What We’re Reading Wednesday-February 5, 2020

Currently, it is snowing outside my window. As luck would have it, my office is closed which means I get my own snow day! Unfortunately, I’m also sick with a terrible cold so I don’t feel like doing much of anything. However, I want to get back to posting twice a week on this blog. I discovered this cool reading meme from Allison at Mount to Be Read. What We’re Reading Wednesday is hosted by Taking on a World of Words, and I thought it would be a fun way to keep up my motivation. I probably won’t participate weekly, but maybe once or twice per month. It’s quite simple. Just answer these three questions:

What are you currently reading?

I actually have three books going on at once because I’m weird like that. I’m nearly done with the beautiful On Earth We’re Briefly Gorgeous by Ocean Vuong. If you haven’t heard of this one, you should immediately run out and buy it, or check it out from your local library like I did. Written in the form of a letter to his mother who cannot read, it is a poignant examination of race, class and trauma.

I also just started Mansfield Park by Jane Austen. This one is a reread, but it will be my first time reviewing it on this blog. My goal this year is to finish rereading all of Austen’s novels, a goal I began in 2019.

I’m also slowly working through the Gormenghast trilogy by Mervyn Peake. I plan on taking my time through the rest of it as the writing is gorgeous but dense. At some point, I plan to check out the BBC adaption from a few years back.

What did you recently finish reading?

This year is off to a great start, as I’ve loved all four books I’ve read so far. Stephen King’s The Institute was a fantastic sci-fi thriller, perfect for fans of Stranger Things. A Robot in the Gardenby Deborah Install was a fun and endearing work about a friendship between a man and a loveable little robotThe Starless Sea by Erin Morgenstern was a glorious fantasy epic nearly a decade in the making. I loved it and plan to reread The Night Circus in the near future. Last but certainly not least, I just finished Titus Groan for Classics Club. Larger than life characters inside an ancient rambling castle was so much fun. The writing was so brilliant that I can’t wait to finish Gormenghast.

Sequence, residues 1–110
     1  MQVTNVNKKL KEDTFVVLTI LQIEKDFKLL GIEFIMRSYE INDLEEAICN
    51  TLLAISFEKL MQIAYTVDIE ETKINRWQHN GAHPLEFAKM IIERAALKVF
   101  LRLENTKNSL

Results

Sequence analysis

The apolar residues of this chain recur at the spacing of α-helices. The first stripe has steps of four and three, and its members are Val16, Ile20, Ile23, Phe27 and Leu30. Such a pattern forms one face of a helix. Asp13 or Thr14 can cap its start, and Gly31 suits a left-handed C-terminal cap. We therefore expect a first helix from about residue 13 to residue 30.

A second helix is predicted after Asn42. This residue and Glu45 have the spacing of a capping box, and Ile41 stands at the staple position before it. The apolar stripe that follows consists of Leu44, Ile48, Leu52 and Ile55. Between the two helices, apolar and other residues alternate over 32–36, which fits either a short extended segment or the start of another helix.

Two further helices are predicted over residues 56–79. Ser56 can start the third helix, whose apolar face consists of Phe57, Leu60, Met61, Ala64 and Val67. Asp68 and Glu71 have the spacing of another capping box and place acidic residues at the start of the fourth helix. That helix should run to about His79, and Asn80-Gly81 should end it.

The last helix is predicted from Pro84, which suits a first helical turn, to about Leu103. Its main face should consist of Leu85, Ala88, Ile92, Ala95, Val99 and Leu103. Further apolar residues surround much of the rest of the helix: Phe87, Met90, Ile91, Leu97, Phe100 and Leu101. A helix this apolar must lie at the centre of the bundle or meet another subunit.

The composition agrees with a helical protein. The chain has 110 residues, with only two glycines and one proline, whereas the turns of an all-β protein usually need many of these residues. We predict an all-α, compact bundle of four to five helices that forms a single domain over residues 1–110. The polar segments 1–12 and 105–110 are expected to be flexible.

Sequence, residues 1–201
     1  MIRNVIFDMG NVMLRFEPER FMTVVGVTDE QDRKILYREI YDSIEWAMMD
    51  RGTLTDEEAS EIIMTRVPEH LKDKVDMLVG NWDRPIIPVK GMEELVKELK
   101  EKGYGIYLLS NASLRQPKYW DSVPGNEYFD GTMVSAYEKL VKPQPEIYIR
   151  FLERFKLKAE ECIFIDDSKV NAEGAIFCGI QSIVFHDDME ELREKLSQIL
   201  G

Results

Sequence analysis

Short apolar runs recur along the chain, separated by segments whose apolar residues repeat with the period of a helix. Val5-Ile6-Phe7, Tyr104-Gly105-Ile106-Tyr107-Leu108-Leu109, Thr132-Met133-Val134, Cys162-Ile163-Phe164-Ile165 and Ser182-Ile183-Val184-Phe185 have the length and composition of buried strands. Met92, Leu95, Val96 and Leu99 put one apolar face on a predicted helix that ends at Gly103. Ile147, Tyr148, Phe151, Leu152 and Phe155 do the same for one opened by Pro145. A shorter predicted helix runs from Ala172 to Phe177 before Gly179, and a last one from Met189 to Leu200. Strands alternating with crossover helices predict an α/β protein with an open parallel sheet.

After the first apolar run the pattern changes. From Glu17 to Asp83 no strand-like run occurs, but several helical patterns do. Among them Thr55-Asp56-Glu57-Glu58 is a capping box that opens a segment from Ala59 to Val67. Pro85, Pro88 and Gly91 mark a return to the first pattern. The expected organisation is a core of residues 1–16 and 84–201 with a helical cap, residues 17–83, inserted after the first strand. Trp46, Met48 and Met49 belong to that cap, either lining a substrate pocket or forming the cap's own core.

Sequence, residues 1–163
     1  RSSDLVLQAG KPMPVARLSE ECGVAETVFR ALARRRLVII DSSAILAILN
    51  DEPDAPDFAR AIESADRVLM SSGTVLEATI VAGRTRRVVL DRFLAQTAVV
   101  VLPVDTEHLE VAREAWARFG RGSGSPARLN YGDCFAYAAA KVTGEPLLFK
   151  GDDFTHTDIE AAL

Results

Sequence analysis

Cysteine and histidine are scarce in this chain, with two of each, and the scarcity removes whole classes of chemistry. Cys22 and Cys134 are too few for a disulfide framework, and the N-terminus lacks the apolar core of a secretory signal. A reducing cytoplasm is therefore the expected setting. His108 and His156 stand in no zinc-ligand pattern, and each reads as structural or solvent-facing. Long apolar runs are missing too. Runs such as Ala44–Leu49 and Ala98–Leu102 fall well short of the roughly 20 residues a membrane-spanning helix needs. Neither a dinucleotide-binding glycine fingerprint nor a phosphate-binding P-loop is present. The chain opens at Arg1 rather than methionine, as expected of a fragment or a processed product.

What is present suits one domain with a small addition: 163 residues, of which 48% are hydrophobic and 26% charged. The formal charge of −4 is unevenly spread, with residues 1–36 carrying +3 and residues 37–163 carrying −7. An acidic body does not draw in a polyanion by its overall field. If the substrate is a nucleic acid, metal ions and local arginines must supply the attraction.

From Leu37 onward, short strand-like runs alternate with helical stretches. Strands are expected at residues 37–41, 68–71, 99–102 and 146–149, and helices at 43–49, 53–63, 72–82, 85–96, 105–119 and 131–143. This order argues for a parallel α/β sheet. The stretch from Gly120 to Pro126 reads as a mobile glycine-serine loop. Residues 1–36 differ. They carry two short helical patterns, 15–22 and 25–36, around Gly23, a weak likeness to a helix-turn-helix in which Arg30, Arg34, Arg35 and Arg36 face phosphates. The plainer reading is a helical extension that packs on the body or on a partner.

What do you think you’ll read next?

So many options! I’m thinking All the Birds in the Sky by Charlie Jane Anders. I would love to read something to honor Black History Month, so I’m considering Jazz by Toni Morrison. I also have Stephen King’s The Outsider on deck because I can’t get enough King.

What books have you read so far this year? Comment below!

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4. ‘Titus Groan’ by Mervyn Peake

When one considers the greatest fantasy trilogy of the twentieth-century, most readers would probably name that little series by Tolkien (you know that one with all the hobbits). Meanwhile, Mervyn Peake’s Gormenghast trilogy often is grossly underappreciated. Based on my experience with the first in the series, Titus Groan, I would like to argue that this gothic masterpiece is a much more accomplished and thought-provoking work than The Lord of the Rings. Larger than life Dickinsion characters inhabiting an ancient crumbling castle make this work unlike anything that has ever been created.

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One of the reasons why this book is so often overlooked is that it often defies conventional storytelling. Gormenghast castle, the setting of this epic, is an ancient castle the size of a city with darkness and intrigue to be found in every corner. It is also ruled by traditions and celebrations that sometimes lack any sense of reason or sanity. The birth of Titus Groan as the heir of Gormenghast is the event that begins this trilogy. The first book follows Titus through the first two years of his life. In fact, the infant hardly appears in the novel at all. The lack of a central protagonist makes this work more of an ensemble piece. Let me tell you that every character in this book is insane! Rules of sense need not apply here.

“This tower, patched unevenly with black ivy, arose like a mutilated finger from among the fists of knuckled masonry and pointed blasphemously at heaven. At night the owls made of it an echoing throat; by day it stood voiceless and cast its long shadow.”

The pacing of the novel is incredibly slow, particularly in the first half. In this case, I think it’s justified as Peake takes his time introducing us to each of the main players in this tale. There is so much atmosphere to take in that this is definitely a work that should be enjoyed slowly like a fine wine. Each chapter offers a peak into a new part of the castle, focusing on a specific character. At times, it feels like this novel is more a series of character sketches devoid of any central plot. There is so much richness to every character’s mannerisms and dialogue. Whether it’s Lady Gormenghast – the best crazy cat lady ever – or her passionate daughter Fuchsia-you often feel as though you are in a large mental hospital. Even the resident physician, Doctor Prunesquallor, appears to be a little off his rocker.

However, my favorite character would have to be the cunning Steerpike. A poor kitchen boy when we are introduced to him, he immediately becomes one of the greatest antagonists every created on paper. His Machivellian dismantling of Castle Gormenghast and his rise to power is rather impressive to witness. He could easily teach Shakespeare’s greatest villian Iago a thing or two about being a master manipulator. It was a delight to see his interactions between him and the other characters, particularly with the passionate and fierce Fuchsia.

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Steerpike and Fuchsia are easily the most overlooked couple in fiction. From the 2000 BBC adaptation.

The language is so breathtaking! Mervyn Peake’s writing is just so beautiful. His long descriptive sentences are just a delight to read. His language creates so many vivid images and truly brings every corner of Castle Gormenghast to life. This novel is a work that deserves to be read at a slow pace just to take in every single detail.